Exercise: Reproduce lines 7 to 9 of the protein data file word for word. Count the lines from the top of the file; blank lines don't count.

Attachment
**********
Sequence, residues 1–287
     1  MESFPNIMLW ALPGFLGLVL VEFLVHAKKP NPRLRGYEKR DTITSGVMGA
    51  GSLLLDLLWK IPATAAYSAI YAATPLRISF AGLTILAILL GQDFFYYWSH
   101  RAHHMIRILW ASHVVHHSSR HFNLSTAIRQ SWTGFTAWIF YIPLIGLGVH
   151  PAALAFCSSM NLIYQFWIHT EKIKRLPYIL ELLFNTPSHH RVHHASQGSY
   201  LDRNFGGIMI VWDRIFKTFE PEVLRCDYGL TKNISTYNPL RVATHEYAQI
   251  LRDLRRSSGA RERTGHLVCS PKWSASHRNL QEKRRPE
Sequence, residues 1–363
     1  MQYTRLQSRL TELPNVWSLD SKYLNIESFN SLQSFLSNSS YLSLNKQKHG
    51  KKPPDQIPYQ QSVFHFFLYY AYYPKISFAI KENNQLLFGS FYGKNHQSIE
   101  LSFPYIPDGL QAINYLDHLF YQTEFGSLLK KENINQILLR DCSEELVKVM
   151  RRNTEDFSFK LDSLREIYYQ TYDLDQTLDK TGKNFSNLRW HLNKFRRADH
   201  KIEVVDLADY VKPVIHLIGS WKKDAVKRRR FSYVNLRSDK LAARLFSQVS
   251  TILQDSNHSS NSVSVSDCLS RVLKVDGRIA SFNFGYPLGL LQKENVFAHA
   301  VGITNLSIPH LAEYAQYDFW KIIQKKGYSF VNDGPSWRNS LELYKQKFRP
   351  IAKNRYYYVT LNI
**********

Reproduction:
   251  LRDLRRSSGA RERTGHLVCS PKWSASHRNL QEKRRPE
Sequence, residues 1–363
     1  MQYTRLQSRL TELPNVWSLD SKYLNIESFN SLQSFLSNSS YLSLNKQKHG